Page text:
Formulate Tasks

Once you have a firm grasp of the situation at hand, you can now better formulate the tasks that need to be accomplished. These tasks should be listed on the Action Plan and communicated to the Owner(s)/Management. A discussion can then take place as to the relative importance of these projects as well as the resources and time required to complete them.

Draw up the initial list of tasks and projects after you meet with the Owner/Management and the company’s staff. However, you’ll find that as time goes on, the management/owners will assign more projects to you.

Update It Constantly

When you write an action plan, update it constantly to help communicate as to what you are involved in and your priorities.

Feel free to add additional fields in order to tailor the Action Plan to your specific situation. Possible additions include columns for resources, such as who to leverage off of or who it is assigned to.

In addition, this task list could very well serve as the basis for a Gantt Chart for managing a project. Consider putting this on the public drive so that everyone can see the status of projects.

Once you have completed your list and/or updated it, you should arrange to meet with the Owner/Management to review it. Having finished reviewing the list, you and the Owner/Management should mutually agree on the priorities. Periodically review the list and rearrange priorities as necessary.

Assign Prioritize Tasks

Whenever possible, try to leverage off of the company staff. This provides several benefits. First, leveraging off of the company staff speeds the process along. Second, this frees you up to do higher level value-added tasks.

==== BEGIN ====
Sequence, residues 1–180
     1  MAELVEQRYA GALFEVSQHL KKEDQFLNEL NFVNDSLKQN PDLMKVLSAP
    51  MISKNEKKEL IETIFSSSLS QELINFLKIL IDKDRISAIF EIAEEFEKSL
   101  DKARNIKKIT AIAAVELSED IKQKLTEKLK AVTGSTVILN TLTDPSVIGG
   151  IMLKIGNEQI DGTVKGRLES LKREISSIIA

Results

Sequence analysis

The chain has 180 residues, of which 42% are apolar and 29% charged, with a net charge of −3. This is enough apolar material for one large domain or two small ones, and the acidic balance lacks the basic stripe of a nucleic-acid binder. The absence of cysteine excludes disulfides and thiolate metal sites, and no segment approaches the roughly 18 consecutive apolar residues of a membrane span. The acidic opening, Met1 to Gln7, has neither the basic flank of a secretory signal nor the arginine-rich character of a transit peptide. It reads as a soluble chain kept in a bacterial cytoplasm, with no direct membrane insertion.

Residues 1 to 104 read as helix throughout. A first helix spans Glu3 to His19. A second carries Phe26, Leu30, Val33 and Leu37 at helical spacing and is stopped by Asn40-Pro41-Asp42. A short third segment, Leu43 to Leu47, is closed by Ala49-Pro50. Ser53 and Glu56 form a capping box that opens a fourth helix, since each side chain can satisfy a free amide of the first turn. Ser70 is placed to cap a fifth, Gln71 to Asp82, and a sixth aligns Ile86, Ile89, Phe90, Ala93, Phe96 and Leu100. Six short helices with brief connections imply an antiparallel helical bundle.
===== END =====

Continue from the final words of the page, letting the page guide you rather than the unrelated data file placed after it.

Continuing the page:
Since you are working off of the action plan, update it continuously to provide you with a situational awareness of the task list. As projects become complete, new ones will be created. As such, it is also important to re-prioritize your action plan.

Prioritize the tasks by their: task, due date, status and person assigned to handle. One of the first priorities is to improve the accuracy of the accounting information, without which you cannot function as a CFO/controller.

Update Progress Priorities

As you make progress on your task list, keep a status update on everything. Also note which staff member, if any, is working on it. You will shortly find that even as you strive to complete the tasks at hand, the Owner/Management will come up with even more things to do in short order. The Action Plan will help communicate what is left to do and the priority of each project. Review with management your progress to come to an agreement as to what’s important.

Draw up the initial list of tasks and projects after having met with the Owner/Management and company’s staff. However, you’ll find that as time goes on, the management and owners of the firm will assign more projects to you. Keep your action plan updated constantly. Then sort by task, due date, person assigned to handle or status.

Review with Owner/Management

Review the updated action plan to agree as to what the priorities and direction should be. This way, you manage expectations.

Update your action plan constantly to help you communicate to management what you are involved in and your priorities. To learn more financial leadership skills, download the free 7 Habits of Highly Effective CFOs.

Write an Action Plan
Write an Action Plan